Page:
Rosalyn Bryant was sitting in the lobby of Maple Leaf Gardens Friday night, minutes after her impressive victory in the women's 400-meter race. But she was slumped in a chair with a deep frown on her face, looking like the night's biggest loser.

Her coach, Fred Jones, was not especially happy, either, although Bryant had defeated Olympic 400-meter champion Irena Szewinska and Lorna Forde, of the New York Atoms, rather handily.

"Yes, we won," Jones said, "but it wasn't the kind of race we wanted. This might have been the most competitive field in this event this season. But there were problems. People complained about the lanes and there was a lot of bumping. It should have been better."

"Rosalyn Bryant is going to be the all-time greatest, and I don't want any kind of asterisk next to her name. I don't want to hear anybody complain when a race is over. We don't need any help because she's the best."

She also is one of the most engaging runners to come down the track in some time, a corn-rowed comet who wears brighly colored beads in her hair, wildly stripped knee socks and large hooped earings when she runs.

And she is outspoken.

"How come you give the women so little publicity?" She asked New York writers two weeks ago after setting a world indoor record in the 440. "I run just as hard as the men."

"The doors just aren't open enough," she said. "The women are doing some great things, accomplishing as much as the men. I beleive we're equal, not comparable because of the physical differences but I given just as much in my sport as any man does in his.

"We're just not getting our share . . . We were at a meet in San Francisco and all men won television sets for first place. The women got medals. I don't care about the TV set; its just the principale.

"I had just set a U. S. record in the 300 in that meet, but a pole-vaulter who broke the meet record got the outstanding-performer award. That bothered me, too.

"I used to be very meek and modest person. But my coach always says I should talk withe confidence, so now I say what I feel.

"The only way it will get better is if women just oush a little."

Bryant has been pushing most of her life to succeed in track. She is 21 now, a senior at Cal State-Los Angeles who started running in grammer school competition at the age of 10.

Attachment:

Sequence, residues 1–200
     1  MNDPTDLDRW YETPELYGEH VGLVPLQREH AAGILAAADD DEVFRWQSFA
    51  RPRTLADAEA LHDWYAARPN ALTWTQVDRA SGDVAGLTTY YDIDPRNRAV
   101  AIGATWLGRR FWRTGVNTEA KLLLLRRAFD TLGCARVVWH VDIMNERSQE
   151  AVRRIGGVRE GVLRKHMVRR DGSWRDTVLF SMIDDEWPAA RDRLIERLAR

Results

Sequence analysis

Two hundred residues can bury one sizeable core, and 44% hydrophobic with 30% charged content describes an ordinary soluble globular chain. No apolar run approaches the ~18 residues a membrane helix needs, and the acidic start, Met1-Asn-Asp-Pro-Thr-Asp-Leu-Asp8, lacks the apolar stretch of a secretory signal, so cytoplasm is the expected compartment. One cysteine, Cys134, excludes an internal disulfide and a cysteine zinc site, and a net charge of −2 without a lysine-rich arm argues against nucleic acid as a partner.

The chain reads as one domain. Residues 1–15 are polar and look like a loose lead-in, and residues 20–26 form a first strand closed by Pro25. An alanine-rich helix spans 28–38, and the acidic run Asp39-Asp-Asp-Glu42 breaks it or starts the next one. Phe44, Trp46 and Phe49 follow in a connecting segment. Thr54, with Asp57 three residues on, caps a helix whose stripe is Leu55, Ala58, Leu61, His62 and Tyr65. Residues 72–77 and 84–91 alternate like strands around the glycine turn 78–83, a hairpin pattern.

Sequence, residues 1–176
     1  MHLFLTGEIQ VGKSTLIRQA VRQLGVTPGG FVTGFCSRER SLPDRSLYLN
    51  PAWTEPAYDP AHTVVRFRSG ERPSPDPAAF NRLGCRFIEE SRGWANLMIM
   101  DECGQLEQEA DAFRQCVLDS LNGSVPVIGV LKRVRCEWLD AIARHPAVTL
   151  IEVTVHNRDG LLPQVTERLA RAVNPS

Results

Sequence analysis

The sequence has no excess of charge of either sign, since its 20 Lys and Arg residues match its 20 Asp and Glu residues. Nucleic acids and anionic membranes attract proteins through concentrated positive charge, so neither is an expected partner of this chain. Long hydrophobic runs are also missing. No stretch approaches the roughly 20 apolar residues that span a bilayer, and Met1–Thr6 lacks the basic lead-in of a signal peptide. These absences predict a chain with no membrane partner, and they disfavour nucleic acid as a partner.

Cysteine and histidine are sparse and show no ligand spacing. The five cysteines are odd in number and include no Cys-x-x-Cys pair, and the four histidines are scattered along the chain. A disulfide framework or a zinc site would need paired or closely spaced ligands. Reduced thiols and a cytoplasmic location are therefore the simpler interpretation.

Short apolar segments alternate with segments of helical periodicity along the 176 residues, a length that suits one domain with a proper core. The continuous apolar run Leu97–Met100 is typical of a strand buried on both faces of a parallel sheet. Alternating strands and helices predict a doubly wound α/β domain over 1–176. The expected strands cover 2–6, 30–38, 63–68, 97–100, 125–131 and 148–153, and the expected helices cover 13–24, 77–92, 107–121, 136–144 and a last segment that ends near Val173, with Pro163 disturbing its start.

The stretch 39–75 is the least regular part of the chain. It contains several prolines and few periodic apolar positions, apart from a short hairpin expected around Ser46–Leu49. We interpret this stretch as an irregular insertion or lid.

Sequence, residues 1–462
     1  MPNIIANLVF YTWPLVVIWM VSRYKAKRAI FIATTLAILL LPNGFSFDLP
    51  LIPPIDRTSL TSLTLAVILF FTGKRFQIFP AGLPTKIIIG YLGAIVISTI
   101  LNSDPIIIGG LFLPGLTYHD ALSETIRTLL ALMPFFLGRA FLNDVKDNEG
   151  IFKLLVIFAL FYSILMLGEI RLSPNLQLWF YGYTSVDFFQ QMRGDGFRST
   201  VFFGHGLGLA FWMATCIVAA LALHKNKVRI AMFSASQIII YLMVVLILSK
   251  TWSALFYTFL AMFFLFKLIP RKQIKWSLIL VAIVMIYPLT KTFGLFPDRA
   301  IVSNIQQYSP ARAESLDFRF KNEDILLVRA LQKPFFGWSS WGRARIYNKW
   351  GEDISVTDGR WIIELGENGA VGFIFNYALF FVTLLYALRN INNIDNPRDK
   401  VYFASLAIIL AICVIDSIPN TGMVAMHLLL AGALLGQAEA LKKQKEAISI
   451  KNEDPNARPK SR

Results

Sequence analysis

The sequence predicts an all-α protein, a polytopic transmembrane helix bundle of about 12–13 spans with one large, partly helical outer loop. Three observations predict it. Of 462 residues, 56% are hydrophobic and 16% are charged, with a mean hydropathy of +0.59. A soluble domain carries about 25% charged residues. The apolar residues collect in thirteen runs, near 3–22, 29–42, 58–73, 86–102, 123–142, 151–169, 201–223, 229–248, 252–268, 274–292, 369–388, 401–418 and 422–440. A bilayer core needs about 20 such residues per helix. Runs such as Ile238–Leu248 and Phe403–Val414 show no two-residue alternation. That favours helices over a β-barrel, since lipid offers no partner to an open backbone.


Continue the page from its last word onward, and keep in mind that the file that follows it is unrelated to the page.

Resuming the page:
She grew up in Chicago, the city that produced her idol, Olympic champion Barbara Ferrell, and she has been guided by several of the same people who helped Ferrell win gold and silver medals in the 1968 games.

Jones, the coach of the Los Angeles Mercurettes, was the man primarily responsible for Ferrell's success and he is doing many of the same things for Bryant. Jones has been coaching her full time for 18 months, changing her running style and convincing her to abandon the shorter sprints in favor of the 440 and the 400 meters.

"I never really liked the quarter cause it was a hurting race. After it's over, your hamstrings and buttocks are so tight you can hardly walk," she said.

"Even after I made the Olympics (She finished fifth in 400 meters at Monstreal), I hated the distance. But I'm getting used to it now, My muscles are adjusting and it's not as painful."

Bryant train 2 1/2 hours a day and, says Jones, she wastes little time.

"She drives her car right to the tracks and starts right up. A lot of the girls to stand and socialize; not Rosalyn. She charges through a workout and works right through the pain."

The hard work has paid off handsomely. In addition to her world record 53.3 in the 440, she recently set the world mark in the 500 meters at 1: 11.8 Incredibly, the record in the 500 came the first time she had ever run that distance. It may also have been the last time she goes that far.

"I don't think I want to do that again," she said. "you talk about pain, wow. No, the 400 is my race. I'm shooting for Moscow and I'm shooting for gold."

With no asterisks.